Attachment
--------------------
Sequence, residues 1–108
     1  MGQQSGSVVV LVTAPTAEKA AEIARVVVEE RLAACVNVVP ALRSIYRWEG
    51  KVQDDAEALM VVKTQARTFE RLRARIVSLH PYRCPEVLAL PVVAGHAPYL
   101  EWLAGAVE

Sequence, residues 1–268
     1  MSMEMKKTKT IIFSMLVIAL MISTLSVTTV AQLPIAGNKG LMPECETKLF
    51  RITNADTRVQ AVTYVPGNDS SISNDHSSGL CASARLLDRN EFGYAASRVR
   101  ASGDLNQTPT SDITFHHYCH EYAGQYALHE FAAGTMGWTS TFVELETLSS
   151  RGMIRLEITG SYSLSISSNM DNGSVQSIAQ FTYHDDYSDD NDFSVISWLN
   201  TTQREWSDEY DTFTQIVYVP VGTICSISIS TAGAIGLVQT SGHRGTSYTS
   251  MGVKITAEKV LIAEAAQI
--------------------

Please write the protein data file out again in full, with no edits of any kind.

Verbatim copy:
Sequence, residues 1–108
     1  MGQQSGSVVV LVTAPTAEKA AEIARVVVEE RLAACVNVVP ALRSIYRWEG
    51  KVQDDAEALM VVKTQARTFE RLRARIVSLH PYRCPEVLAL PVVAGHAPYL
   101  EWLAGAVE

Sequence, residues 1–268
     1  MSMEMKKTKT IIFSMLVIAL MISTLSVTTV AQLPIAGNKG LMPECETKLF
    51  RITNADTRVQ AVTYVPGNDS SISNDHSSGL CASARLLDRN EFGYAASRVR
   101  ASGDLNQTPT SDITFHHYCH EYAGQYALHE FAAGTMGWTS TFVELETLSS
   151  RGMIRLEITG SYSLSISSNM DNGSVQSIAQ FTYHDDYSDD NDFSVISWLN
   201  TTQREWSDEY DTFTQIVYVP VGTICSISIS TAGAIGLVQT SGHRGTSYTS
   251  MGVKITAEKV LIAEAAQI